As the COVID-19 virus continues to spread in South Africa and globally, handwashing with soap remains one of the most effective preventative actions to curb the spread of the virus.
The reality on the ground is that nearly one-third of households in South Africa do not have access to adequate handwashing facilities. To help address this critical need, the United States government, through the U.S. Agency for International Development (USAID), has committed R8.6 million ($500,000) to UNICEF to build much-needed handwashing stations within public spaces in communities that lack access to running water, such as health care facilities, schools, transport hubs, and markets.
“An infectious disease threat anywhere can be a threat everywhere. Investments in global health protect Americans and the global community. USAID’s support will help South Africans have access to this first line of defense against COVID-19,” said U.S. Ambassador Lana Marks.
“Hand washing with soap is a simple and effective way to help slow the spread of COVID-19 and other infectious diseases, but for too many people this is not possible,” says Jama Gulaid, UNICEF Representative to South Africa. “This generous support from the United States will go a long way in helping the most vulnerable to be healthier and safer and it is essential that these facilities are properly used and protected by the communities they serve,” he adds.
Construction of handwashing stations began on the 8th of June in Alexandra township in northern Johannesburg, with the goal to build similar stations in 150 locations across the country by the end of August. In addition to further installations in Alexandra and six more handwashing stations in the Hammanksraal area, installations have been completed in Northern Cape, the North West province, and KwaZulu-Natal. Plans are already underway for additional stations in Western Cape, Free State, Gauteng, and Eastern Cape.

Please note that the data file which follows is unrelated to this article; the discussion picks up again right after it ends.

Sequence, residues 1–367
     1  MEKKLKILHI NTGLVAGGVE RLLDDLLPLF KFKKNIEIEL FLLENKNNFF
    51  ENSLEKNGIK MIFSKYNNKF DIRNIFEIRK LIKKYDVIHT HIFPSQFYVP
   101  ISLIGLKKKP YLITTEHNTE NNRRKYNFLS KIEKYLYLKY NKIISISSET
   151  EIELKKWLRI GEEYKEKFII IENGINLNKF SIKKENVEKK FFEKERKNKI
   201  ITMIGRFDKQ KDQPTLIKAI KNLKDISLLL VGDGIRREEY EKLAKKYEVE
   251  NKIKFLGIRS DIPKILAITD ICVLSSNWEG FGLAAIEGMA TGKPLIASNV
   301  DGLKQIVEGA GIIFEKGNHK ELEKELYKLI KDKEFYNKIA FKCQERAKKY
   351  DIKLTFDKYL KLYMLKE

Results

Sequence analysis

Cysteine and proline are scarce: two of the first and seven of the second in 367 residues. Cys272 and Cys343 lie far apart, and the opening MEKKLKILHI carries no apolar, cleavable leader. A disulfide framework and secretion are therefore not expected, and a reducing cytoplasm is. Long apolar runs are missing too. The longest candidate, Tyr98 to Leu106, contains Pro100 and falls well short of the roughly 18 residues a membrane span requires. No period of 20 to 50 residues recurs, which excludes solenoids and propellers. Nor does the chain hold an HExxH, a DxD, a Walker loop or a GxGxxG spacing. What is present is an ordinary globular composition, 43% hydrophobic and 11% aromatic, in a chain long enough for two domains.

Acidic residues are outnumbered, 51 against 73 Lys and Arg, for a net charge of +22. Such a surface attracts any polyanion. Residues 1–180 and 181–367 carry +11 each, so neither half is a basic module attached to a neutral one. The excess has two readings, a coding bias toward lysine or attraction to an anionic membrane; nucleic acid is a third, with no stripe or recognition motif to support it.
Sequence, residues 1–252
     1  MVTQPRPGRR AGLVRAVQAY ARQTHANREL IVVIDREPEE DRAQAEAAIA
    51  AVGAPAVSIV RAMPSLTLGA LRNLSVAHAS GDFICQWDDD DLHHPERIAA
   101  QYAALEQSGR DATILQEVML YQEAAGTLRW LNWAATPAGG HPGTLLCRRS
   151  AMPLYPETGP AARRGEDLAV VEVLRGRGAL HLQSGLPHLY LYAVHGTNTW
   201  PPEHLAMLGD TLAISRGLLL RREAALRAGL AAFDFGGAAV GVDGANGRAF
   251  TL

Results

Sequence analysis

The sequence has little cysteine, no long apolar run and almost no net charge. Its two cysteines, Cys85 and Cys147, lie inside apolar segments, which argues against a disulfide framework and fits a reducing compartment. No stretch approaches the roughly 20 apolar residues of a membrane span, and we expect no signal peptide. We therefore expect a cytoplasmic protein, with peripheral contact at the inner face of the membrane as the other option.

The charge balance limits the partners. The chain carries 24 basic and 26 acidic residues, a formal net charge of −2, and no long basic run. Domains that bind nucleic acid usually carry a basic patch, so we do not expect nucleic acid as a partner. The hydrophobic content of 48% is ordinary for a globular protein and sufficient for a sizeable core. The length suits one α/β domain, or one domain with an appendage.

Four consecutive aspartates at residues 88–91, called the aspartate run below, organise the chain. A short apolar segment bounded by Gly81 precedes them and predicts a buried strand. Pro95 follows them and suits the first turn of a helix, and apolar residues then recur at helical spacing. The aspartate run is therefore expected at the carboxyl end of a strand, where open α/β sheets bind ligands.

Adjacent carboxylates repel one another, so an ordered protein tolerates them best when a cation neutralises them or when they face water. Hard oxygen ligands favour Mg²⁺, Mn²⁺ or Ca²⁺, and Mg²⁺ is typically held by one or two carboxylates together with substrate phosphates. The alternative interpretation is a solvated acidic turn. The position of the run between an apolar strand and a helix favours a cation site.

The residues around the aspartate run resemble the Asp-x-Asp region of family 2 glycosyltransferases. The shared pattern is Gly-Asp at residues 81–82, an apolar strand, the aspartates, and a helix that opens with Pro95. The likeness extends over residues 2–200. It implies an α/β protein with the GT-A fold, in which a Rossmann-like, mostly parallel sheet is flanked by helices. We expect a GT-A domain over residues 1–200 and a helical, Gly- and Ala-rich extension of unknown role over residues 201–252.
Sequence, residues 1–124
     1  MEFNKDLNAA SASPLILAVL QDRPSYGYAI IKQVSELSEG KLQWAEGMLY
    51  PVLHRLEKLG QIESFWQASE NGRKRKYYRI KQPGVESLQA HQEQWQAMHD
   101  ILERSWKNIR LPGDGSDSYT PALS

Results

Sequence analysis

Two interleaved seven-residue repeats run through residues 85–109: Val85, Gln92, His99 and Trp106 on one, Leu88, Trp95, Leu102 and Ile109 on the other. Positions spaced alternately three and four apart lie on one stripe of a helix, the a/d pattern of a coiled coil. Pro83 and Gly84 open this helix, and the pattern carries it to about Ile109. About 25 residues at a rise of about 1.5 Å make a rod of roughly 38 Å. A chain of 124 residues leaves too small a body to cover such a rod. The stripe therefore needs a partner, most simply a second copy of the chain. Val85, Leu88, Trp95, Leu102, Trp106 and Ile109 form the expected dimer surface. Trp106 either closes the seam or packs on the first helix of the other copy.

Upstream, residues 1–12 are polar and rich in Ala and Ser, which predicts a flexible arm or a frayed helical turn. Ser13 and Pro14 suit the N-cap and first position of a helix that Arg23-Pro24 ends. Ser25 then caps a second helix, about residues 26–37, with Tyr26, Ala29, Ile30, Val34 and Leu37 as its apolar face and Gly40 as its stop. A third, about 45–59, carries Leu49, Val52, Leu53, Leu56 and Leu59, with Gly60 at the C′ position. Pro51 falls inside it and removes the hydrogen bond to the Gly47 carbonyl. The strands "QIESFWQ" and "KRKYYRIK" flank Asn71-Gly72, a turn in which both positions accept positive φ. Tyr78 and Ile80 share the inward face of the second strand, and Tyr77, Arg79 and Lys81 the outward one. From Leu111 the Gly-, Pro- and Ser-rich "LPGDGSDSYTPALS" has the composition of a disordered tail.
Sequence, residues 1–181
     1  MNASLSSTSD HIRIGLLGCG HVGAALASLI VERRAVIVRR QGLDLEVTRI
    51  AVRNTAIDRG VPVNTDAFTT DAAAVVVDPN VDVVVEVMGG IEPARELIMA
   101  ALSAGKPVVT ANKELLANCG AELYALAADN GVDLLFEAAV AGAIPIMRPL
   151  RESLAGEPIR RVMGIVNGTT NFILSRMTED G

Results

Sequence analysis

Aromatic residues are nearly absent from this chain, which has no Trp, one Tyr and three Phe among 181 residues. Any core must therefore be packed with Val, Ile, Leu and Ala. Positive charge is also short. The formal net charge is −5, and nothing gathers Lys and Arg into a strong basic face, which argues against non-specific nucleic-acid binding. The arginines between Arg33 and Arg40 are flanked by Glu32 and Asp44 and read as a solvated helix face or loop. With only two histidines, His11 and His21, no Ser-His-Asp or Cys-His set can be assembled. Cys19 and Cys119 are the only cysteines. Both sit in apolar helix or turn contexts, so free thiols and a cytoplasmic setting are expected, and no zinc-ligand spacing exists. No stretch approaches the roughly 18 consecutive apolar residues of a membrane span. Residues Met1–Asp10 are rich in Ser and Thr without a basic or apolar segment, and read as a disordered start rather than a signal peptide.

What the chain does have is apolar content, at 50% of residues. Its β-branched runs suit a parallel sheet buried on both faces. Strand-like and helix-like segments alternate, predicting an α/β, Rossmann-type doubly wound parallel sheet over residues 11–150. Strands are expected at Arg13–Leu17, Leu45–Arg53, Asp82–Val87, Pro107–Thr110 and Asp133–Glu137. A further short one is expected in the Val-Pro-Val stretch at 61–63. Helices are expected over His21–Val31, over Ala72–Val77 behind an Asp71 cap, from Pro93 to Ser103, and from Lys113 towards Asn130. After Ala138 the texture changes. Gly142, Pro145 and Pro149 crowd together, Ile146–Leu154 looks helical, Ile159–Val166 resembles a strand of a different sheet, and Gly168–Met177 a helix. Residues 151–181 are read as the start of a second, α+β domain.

UNICEF is working with partners Envirosan and World Vision South Africa on the installations and engaging with communities in the areas to share lifesaving information and messaging on how best to keep children, families and communities safe.
UNICEF is a member of the WASH Technical Team, which reports to the COVID-19 National Water & Sanitation Command Centre. Through this mechanism, local municipalities under the direction of the Department of Water identify the sites in under-served communities and commit to maintaining the water and soap supplies. UNICEF involves local ward counsellors in the handover to help build local ownership and to secure protection of the stations.
Through an All-of-America approach, the United States is providing lifesaving support by coordinating with the Government of South Africa and other stakeholders to identify priority areas for investment. The U.S. government financial commitment to South Africa’s COVID-19 response is over US$44 million (R736 million).Distributed by APO Group on behalf of U.S. Agency for International Development (USAID).